Iran J Kidney Dis. 2011 Jan;5(1):57-62.
Taziki O, Espahbodi F, Alizadeh Forutan M, Kashi Z.
Department of Endocrinology, Imam Khomeini Hospital, Mazandaran University of Medical Sciences, Sari, Iran. zkashi at mazums.ac.ir.
Introduction. After kidney transplantation, patients appear to have vitamin D deficiency due to the use of immunosuppressive treatment and prevention of sunlight. This study was designed to determine vitamin D serum levels in kidney transplant patients in comparison with healthy individuals.
Materials and Methods. Forty-six kidney transplant patients with a creatinine clearance greater than 60 mL/min and 46 healthy individuals with normal kidney function were tested for serum levels of calcium, phosphorus, 25-hydroxyvitamin D, and parathyroid hormone at the end of the summer.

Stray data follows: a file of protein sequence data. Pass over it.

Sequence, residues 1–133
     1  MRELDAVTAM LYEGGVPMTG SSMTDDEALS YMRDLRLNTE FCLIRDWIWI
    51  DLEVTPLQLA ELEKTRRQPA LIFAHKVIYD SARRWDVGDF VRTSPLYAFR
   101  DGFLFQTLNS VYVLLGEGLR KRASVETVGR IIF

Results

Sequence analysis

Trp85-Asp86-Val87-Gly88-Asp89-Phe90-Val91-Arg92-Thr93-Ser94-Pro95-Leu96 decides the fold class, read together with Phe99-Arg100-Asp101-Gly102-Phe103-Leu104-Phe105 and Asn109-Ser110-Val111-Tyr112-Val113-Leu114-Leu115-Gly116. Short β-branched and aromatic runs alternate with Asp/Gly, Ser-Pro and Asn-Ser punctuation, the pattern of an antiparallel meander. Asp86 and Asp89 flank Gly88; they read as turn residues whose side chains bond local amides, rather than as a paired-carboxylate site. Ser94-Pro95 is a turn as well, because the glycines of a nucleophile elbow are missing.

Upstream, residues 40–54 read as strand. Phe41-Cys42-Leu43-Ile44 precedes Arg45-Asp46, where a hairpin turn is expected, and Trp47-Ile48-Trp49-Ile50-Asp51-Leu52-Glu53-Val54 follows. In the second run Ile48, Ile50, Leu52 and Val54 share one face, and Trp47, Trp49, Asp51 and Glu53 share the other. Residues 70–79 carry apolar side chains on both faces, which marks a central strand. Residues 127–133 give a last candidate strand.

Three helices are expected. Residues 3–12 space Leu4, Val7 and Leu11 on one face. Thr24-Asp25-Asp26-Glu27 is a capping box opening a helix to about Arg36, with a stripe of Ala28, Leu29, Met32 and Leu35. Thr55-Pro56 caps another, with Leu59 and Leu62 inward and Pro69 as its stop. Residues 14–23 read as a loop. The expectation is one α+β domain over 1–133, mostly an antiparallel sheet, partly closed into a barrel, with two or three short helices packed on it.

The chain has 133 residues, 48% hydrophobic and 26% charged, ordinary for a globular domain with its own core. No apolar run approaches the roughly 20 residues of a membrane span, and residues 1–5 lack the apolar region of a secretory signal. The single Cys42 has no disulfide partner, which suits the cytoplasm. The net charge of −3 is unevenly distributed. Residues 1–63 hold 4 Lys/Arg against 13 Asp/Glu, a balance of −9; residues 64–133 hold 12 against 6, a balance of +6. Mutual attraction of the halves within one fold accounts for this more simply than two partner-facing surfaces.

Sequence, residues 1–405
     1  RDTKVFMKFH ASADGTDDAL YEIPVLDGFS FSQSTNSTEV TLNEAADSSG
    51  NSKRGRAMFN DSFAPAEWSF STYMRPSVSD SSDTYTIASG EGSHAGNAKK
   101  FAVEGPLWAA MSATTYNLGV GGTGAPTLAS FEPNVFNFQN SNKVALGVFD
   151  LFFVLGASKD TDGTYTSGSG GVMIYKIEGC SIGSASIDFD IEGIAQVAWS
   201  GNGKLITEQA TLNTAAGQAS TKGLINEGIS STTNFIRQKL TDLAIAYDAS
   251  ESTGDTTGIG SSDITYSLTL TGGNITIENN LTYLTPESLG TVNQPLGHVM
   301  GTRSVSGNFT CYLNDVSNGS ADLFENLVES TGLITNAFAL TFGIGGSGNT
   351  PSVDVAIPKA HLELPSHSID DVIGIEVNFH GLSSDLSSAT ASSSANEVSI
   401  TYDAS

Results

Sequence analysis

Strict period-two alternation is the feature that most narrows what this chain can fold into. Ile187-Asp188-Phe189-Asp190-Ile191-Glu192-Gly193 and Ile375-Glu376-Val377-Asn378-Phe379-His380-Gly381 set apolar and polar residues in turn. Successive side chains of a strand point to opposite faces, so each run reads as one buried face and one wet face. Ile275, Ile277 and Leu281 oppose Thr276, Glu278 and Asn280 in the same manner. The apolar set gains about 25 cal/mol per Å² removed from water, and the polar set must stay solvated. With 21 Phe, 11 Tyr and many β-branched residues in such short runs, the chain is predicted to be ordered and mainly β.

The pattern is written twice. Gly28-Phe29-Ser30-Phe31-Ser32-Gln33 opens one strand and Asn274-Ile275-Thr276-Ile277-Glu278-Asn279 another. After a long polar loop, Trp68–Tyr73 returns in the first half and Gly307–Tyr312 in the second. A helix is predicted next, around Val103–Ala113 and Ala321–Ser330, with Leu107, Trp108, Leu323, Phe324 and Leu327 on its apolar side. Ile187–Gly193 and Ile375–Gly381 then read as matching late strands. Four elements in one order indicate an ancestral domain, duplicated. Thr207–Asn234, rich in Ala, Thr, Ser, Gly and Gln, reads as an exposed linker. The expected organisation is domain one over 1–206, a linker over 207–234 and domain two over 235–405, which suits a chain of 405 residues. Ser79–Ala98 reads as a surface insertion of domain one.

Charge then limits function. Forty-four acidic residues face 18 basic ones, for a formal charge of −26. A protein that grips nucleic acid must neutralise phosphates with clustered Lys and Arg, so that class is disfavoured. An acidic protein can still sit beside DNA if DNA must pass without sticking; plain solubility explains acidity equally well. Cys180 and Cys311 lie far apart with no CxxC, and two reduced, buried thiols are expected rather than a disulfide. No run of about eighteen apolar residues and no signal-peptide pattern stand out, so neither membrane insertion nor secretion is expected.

Results. Thirty-one participants were men and 15 were women in each group. The mean age was 41.0 ± 14.2 years in kidney transplant recipients and 41.4 ±13.7 years in the control group. Inadequate serum 25-hydroxyvitamin D was seen in 93.5% of the transplant patients and in 89.1% of the controls. There was a 58.7% vitamin D insufficiency (20 ng/mL to 30 ng/mL) and a 34.8% deficiency (lower than 20 ng/mL) in the patients, and these rates were 58.7% and 26.0% in the control group, respectively. There was no significant difference between the two groups.
Conclusions. Vitamin D deficiency is prevalent in kidney transplant patients. Lack of a significant difference between our two groups may be attributable to the high prevalence of vitamin D deficiency in general population and the use of vitamin D supplementation in transplant patients. Indeed, adequate doses of vitamin D in these patients are undetermined. They may need higher doses for normalization of serum vitamin D and metabolic requirements. PMID: 21189437
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